August 21, 2017
Delaware Public Media
Homeless kids learn resiliency through Highmark grant
Hundreds of low-income children in Wilmington have better coping skills thanks in part to a grant from Highmark Blue Cross and Blue Shield Delaware. The Ministry of Caring has three childcare centers in Wilmington for kids between the ages of six weeks and five years old. Lauren McLoughlin with Ministry of Caring said the grant funded a program focused teaching resiliency to homeless or recently homeless children.
Delaware State News
New teachers union chief known for speaking out
Mike Matthews is not afraid to make waves. Now, as president of one of the most powerful groups in Legislative Hall he’s got a chance to influence policy. Mr. Matthews, who took the reins as head of the Delaware State Education Association — the teachers union — in July, represents about 13,000 teachers, paraprofessionals, custodians, secretaries, bus drivers and others throughout the state’s 200-plus schools.
Progress report: Two years into CR school district referendum projects
In 2015, Caesar Rodney School District passed its $27.8 million referendum to help with operation and improvement costs. This October, it’ll be officially two years since the measure passed a vote with 1,935 district residents for and 1,171 against.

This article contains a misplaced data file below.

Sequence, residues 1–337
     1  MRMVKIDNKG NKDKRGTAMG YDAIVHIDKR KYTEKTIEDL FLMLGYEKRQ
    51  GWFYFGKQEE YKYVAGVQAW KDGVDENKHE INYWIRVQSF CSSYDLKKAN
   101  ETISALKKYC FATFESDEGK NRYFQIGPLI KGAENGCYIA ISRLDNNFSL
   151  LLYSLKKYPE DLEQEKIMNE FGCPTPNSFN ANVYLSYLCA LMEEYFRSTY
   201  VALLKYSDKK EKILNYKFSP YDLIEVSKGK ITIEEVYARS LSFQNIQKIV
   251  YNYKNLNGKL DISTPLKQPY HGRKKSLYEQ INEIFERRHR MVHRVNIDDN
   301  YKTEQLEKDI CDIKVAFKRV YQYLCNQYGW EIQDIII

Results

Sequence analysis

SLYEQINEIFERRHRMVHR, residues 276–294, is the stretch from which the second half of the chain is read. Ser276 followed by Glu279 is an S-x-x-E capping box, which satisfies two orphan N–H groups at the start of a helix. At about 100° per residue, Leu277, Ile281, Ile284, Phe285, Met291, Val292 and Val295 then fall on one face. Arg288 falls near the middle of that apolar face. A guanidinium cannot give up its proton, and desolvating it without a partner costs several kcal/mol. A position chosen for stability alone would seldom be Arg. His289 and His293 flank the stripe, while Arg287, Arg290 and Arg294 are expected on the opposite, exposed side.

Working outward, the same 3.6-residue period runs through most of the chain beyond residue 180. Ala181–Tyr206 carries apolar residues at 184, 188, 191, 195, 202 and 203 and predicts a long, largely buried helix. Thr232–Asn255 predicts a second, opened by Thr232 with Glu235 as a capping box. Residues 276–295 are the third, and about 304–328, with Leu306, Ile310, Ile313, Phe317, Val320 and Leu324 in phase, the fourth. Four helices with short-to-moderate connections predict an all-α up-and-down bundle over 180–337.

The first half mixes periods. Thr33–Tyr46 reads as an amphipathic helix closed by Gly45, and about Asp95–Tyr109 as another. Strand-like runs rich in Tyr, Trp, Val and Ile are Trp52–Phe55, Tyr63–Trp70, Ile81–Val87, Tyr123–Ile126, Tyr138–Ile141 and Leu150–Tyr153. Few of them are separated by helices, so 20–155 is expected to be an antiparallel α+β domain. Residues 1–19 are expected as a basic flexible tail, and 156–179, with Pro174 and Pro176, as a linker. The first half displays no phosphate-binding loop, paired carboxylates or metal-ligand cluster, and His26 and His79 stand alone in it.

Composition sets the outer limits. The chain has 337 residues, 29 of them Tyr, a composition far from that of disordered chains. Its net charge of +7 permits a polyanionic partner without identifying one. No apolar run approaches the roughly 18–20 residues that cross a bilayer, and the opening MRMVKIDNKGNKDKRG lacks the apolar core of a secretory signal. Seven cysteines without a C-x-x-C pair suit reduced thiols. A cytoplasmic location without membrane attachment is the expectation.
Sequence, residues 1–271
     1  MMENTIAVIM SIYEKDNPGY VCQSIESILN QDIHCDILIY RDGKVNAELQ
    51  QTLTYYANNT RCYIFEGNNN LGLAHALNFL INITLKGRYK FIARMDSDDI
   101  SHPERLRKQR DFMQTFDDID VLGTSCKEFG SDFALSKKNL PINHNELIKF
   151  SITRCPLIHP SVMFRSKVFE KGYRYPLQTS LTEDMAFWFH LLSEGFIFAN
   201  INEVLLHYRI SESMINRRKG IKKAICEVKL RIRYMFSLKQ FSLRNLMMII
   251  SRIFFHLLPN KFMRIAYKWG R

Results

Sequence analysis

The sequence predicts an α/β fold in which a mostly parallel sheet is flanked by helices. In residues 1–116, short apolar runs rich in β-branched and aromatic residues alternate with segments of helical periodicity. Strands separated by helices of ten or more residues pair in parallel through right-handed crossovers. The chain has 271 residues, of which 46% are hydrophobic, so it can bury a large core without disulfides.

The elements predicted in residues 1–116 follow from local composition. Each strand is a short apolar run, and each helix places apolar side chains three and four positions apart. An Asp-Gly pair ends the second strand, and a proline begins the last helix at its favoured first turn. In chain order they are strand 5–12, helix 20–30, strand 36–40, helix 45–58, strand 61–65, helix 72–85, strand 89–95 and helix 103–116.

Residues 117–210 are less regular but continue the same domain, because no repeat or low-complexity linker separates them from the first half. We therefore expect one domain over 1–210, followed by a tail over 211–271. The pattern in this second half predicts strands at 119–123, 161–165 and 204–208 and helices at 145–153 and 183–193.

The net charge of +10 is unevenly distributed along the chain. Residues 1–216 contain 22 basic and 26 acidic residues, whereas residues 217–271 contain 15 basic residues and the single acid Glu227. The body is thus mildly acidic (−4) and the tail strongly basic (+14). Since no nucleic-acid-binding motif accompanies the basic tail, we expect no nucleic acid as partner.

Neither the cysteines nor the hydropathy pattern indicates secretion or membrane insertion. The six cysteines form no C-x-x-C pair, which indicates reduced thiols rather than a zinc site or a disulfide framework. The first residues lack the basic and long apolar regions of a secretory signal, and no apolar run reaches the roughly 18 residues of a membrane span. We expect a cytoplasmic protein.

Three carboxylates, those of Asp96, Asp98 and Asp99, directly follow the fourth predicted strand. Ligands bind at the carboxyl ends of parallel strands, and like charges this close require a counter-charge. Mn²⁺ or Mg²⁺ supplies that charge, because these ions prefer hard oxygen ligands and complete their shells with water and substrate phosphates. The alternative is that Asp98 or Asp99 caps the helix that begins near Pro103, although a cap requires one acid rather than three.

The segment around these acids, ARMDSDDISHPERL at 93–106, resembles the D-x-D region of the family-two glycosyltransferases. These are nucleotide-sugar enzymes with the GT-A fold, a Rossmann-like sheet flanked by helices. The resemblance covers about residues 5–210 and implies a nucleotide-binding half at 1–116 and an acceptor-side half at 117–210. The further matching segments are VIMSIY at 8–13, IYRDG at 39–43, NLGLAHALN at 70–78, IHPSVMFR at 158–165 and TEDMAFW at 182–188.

Wilmington student uses science to empower her peers
The new school year is fast approaching and a local student is determined to get her peers excited about heading back to the classroom. Jacqueline Means, a 10th grader at Delaware Military Academy, used a few science projects to draw the attention of at least 30 students earlier this week at the Girls Empowerment Stem program.
Red Clay forms equity panel to address racial disparities
Cognizant of longstanding low academic performance by black and Latino students in comparison to white and Asian students, along with other disparities, Red Clay Consolidated School District has created a committee to review and change “practices related to racial equity.” The so-called Equity Committee was approved this week without dissent during Red Clay’s monthly board meeting after several speakers spoke of huge gaps in proficiency, discipline, hiring, and other areas.
NPR on social and emotional skills: Everybody loves them, but we still can’t define them
Blog post by Shyanne Miller, policy associate at the Rodel Foundation of Delaware
The language around building non-cognitive, non-academic skills in students—what we at Rodel call social and emotional learning—continues to be under debate, according to NPR columnist Anya Kamenetz in her recent article, “Social and Emotional Skills: Everybody Loves them, But Still Can’t Define Them.”
The News Journal
With summer vacation winding down, education camp preps kids for school
At St. Edmond’s Academy, elementary and middle school students were enthusiastic about learning weeks before the academic school year was set to begin. Over the course of a week, the school’s academic summer boot camp left more than 40 students feeling a bit more prepared for school as a result of intensive training on reading, writing and studying.
IES grant expands literacy research in Delaware schools